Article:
Traditionally buttermilk was leftover from churning butter. This buttermilk would have been made from raw milk, and thus would have naturally contained a sour lactic culture. These days raw milk is not so easily come by, so buttermilk is usually made with skim milk that is fermented with a mesophilic (room temperature loving) bacteria culture.
This means that it is REALLY easy to make buttermilk at home. The hardest part of making buttermilk is finding a good buttermilk culture to start with. In Ireland we used Cuinneog’s, and in British Columbia, we use Avalon’s buttermilk. You may have to experiment with a few different buttermilk brands to find something that will work for you. Alternatively, you can buy a packet of buttermilk culture online.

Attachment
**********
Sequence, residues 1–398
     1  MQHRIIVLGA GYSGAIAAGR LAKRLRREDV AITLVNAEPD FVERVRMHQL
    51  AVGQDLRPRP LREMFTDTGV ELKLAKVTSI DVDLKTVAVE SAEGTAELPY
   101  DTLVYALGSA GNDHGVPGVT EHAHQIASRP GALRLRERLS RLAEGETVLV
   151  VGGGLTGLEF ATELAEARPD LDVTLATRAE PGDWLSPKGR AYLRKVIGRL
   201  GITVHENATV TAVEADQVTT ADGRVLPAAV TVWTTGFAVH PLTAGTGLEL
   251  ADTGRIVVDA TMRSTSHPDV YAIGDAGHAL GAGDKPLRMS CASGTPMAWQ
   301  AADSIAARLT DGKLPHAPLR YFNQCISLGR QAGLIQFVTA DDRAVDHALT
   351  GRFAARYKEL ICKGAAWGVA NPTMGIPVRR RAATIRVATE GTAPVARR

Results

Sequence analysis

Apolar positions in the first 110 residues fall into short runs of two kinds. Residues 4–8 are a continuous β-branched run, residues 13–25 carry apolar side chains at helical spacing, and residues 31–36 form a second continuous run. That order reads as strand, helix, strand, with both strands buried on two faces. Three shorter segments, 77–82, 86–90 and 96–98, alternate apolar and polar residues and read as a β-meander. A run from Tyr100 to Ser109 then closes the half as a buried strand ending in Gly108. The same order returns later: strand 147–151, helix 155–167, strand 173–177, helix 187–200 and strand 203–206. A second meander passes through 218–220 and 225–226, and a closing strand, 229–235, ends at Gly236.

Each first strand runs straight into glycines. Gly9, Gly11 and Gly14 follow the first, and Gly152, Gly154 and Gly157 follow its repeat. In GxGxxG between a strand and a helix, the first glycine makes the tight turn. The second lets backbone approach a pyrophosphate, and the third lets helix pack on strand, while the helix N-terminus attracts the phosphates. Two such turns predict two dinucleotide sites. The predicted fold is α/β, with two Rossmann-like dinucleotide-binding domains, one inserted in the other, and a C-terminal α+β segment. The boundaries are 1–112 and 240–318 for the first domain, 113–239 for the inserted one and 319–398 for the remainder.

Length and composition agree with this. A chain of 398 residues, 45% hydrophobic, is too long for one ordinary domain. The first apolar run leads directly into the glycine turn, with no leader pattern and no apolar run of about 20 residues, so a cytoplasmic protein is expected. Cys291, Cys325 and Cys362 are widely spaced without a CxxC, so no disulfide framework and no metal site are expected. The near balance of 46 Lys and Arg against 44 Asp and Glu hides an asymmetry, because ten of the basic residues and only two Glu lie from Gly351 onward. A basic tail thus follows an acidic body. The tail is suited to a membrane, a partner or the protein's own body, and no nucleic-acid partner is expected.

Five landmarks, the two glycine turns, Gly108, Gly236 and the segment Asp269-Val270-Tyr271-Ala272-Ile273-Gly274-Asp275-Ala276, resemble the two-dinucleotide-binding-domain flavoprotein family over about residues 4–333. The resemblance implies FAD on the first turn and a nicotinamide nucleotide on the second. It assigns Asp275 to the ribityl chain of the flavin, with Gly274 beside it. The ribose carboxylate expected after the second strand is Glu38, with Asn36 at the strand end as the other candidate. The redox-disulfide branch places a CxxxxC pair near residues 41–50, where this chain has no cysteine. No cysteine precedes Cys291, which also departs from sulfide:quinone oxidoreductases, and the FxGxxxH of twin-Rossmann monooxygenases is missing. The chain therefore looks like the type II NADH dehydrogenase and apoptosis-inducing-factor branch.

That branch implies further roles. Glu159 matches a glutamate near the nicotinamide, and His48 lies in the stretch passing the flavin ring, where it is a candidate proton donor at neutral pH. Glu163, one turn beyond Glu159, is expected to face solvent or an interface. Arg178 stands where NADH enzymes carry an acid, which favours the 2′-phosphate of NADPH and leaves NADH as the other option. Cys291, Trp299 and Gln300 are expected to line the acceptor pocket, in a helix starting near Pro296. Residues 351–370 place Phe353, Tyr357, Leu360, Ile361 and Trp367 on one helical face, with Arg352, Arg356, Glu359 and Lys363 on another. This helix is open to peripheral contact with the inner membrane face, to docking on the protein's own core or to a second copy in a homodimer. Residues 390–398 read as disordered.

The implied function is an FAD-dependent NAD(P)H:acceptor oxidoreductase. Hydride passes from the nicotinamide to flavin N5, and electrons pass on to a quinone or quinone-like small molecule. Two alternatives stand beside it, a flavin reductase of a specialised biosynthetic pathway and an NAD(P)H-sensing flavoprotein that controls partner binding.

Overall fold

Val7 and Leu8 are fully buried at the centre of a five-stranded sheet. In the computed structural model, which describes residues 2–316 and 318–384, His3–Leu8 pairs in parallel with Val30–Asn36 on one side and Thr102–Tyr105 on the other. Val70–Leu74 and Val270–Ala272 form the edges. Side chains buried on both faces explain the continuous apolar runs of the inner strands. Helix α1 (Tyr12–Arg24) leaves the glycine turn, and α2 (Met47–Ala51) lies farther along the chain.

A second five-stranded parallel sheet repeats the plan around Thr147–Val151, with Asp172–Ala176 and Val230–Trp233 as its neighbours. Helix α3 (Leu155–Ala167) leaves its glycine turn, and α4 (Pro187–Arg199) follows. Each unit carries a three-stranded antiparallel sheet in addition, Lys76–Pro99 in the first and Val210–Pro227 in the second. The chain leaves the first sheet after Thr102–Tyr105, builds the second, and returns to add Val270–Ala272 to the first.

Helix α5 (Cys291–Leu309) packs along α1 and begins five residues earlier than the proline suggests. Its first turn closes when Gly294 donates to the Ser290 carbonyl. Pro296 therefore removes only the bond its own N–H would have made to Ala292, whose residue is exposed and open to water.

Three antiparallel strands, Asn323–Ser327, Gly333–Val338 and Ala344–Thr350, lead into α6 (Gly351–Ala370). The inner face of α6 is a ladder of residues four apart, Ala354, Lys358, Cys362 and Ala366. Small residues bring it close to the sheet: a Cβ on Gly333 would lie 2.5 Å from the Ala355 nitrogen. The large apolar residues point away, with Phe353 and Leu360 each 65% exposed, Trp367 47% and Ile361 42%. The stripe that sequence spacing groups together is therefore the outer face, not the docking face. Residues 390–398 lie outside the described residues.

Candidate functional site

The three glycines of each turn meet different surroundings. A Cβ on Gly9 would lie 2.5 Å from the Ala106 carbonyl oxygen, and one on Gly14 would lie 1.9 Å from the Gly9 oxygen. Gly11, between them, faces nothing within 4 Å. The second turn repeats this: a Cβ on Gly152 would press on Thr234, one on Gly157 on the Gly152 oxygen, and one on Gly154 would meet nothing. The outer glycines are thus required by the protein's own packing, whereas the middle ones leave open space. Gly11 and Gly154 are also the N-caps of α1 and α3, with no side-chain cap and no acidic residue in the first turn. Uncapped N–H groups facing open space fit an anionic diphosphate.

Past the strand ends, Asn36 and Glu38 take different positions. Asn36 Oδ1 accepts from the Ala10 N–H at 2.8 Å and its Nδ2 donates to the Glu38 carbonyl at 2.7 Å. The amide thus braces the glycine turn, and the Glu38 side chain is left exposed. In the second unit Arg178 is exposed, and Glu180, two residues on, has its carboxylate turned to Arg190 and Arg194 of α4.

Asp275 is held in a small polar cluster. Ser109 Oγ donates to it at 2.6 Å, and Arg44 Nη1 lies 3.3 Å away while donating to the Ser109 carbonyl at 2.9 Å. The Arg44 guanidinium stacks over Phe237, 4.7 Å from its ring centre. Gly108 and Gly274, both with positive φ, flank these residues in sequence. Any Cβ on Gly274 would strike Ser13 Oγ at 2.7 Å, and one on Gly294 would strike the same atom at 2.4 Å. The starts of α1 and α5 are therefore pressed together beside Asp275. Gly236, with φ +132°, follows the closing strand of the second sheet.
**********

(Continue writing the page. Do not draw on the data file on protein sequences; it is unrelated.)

Buttermilk should taste sweet and cheesy when compared to yogurt and kefir. My children love to drink it straight. However, you can make thick buttermilk by following a yogurt heating process and cooling it to room temperature before culturing.
- ½ cup cultured buttermilk
- 2 cups milk (whole or skim)
- Mix buttermilk and milk in a clean glass jar.
- Screw on the lid and leave it somewhere warm for 4-12 hours.
- Store in the fridge.
- Try to re-culture within 2 weeks to keep the culture active.
-The first time you make your buttermilk, it may take a little longer to achieve a nice flavour. It will depend on the quality of your buttermilk culture. However, once you’ve established your culture, it should be relatively quick.
-Use buttermilk for fermented baking, making cottage cheese, or as a nice alternative to milk.